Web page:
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ENVIRONMENTAL HEALTH CONCERNS AND TOXIC CHEMICALS WHERE YOU LIVE, WORK, AND PLAY

Drinking Water

What is it?

Our drinking water originates from groundwater, wells, rivers, lakes, streams, and reservoirs.  Water treatment plants help to clean the water to make it safe to drink.

Common drinking water, or tap water, contains different combinations of naturally occurring minerals, which can affect the water’s taste.

See also: Arsenic Chromium Perchlorate Perfluorooctanoic Acid (PFOA) Persistent Organic Pollutants (POPs) Polybrominated Diphenyl Ethers (PBDEs) Polychlorinated Biphenyls (PCBs) Polyvinyl Chloride (PVC) Uranium Phthalates Endocrine Disruptors Lead

Why is it a concern?

All water contains some level of impurities, minerals, and contaminants. In most cases, these levels are very low, and the water is still safe to drink. The U.S. Environmental Protection Agency (EPA) sets acceptable limits for more than 90 contaminants that may be in drinking water and pose a risk to human health. At low levels they may not harm you, but if the levels of certain contaminants get too high, they can cause short-term and long-term negative health effects.

Who is at risk?

People in cities usually drink water filtered through water treatment plants. This water is tested at regular intervals. But if a contaminant passes through a water treatment system, it can potentially affect many people at once.

People living in rural areas frequently drink water pumped from a private well. Wells are tested less frequently for contaminants.

What pollutants are of greatest concern?

  • Arsenic can enter the water supply through natural deposits or through industrial and agricultural pollution.
  • Lead pipes and connectors were commonly used in plumbing in the past. Lead pipes may corrode if the levels of certain elements in the water fall out of balance. This can cause unsafe levels of lead to build up in drinking water. Monitoring water and adding anti-corrosive agents when necessary can prevent this from happening.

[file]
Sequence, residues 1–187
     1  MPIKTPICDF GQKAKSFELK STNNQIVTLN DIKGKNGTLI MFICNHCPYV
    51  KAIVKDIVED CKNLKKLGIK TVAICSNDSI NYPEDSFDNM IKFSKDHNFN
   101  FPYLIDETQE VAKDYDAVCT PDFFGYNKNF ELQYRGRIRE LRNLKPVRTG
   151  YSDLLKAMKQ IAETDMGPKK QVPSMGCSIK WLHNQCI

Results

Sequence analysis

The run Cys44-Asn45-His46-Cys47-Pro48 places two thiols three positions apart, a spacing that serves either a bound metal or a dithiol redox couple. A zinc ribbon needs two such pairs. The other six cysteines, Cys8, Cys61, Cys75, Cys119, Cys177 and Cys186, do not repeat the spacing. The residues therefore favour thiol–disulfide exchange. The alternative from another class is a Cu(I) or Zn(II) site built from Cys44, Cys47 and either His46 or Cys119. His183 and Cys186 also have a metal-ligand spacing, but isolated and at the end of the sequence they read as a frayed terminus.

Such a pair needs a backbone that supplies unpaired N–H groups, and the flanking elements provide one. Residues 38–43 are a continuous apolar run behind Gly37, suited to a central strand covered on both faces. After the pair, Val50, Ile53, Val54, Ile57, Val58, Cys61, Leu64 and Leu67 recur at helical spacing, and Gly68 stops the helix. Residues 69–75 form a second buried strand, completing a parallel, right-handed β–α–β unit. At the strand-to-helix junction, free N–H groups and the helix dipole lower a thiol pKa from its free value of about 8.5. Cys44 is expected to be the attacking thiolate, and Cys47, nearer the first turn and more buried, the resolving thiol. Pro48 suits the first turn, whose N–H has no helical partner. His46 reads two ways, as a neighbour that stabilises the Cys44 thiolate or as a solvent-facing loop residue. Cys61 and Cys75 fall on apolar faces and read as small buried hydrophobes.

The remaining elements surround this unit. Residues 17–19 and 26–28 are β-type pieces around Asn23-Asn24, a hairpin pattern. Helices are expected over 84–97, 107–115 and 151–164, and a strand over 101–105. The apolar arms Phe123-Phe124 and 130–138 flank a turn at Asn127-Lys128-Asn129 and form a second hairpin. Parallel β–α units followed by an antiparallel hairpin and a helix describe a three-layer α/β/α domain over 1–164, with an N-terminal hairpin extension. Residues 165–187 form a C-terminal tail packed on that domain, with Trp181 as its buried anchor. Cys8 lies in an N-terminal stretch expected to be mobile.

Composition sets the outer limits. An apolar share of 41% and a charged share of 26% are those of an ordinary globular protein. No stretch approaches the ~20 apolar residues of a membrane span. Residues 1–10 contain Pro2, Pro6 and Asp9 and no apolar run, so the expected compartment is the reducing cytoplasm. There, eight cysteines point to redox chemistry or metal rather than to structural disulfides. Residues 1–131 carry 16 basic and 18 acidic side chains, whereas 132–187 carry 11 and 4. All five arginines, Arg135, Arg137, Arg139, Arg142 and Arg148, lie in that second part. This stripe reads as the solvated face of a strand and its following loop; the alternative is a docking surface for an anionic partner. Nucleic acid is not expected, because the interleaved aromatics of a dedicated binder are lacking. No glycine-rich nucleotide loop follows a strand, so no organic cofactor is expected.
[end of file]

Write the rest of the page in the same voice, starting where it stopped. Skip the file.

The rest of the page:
Reduce your risk

  • Do you use well water?
  • Do you live in a city that uses lead pipes and connectors?
  • Routinely test well water for chemical contamination.
  • If your well water has high levels of chemicals, contact your local or state health agency or the Centers for Disease Control and Prevention for information on how to reduce your exposure to these chemicals.
  • Learn more about the quality of drinking water in your area by reading your Consumer Confidence Report.
  • Have your drinking water tested by contacting a laboratory certified by your state or territory.
National Library of Medicine Resources and Databases
  • Lead Poisoning

    Curated links to current consumer health information on lead poisoning. These English and Spanish web resources include background information, diagnosis and tests, prevention and risk factors, related issues, specifics, videos and tutorials, statistics and research, clinical trials, journal articles, relevant agencies, targeted resources for children and women, and patient handouts.

  • Drinking Water

    Curated links to current consumer health information on drinking water and human health. These English and Spanish web resources include background information, prevention and risk factors, related issues, specifics, images, statistics and research, journal articles, relevant agencies, and targeted resources for children and teenagers.

  • Water Pollution

    Curated links to current consumer health information on the effect of water pollution on human health. These English and Spanish web resources include background information, prevention and risk factors, related issues, specifics, video tutorials, statistics and research, clinical trials, journal articles, relevant agencies, and targeted resources for children and teenagers.

  • Drinking Water and Water Pollution: Health Information Resources

    Links to health resources in English and Spanish on drinking water and water pollution, including basic information; glossaries; sources; contaminants; perfluorinated chemicals (PFCs); fluoridation; private drinking water wells; data; water quality and sanitation; regulation and standards; educational materials; topic-related searches from the National Library of Medicine; portals; blogs, news, podcasts, videos; and selection guidelines.

Additional Resources
  • Natural Radionuclides in Public Drinking Water (Environmental Protection Agency)

    Information on natural radionuclides in public drinking water, including rules and guidance, and links to additional resources.

  • National Water-Quality Assessment Project (US Geological Survey)

    A program established by Congress that develops science-based policies and management strategies to improve and protect water resources used for drinking water, recreation, irrigation, energy development, and ecosystem needs.

  • Drinking Water (Centers for Disease Control and Prevention)

    Information on public and private water systems, nutritional benefits of drinking water, commercially bottled water, attaining safe drinking water while camping and hiking, and household technologies for treating drinking water.

  • Overview of Water-related Diseases and Contaminants in Private Wells (Centers for Disease Control and Prevention)

    Information on contaminants found in private wells, and related diseases.

  • Sources of Lead: Water (Centers for Disease Control and Prevention)

    Answers to questions about how lead gets into tap water, including detection, potential health effects, and actions for reduction and safety.

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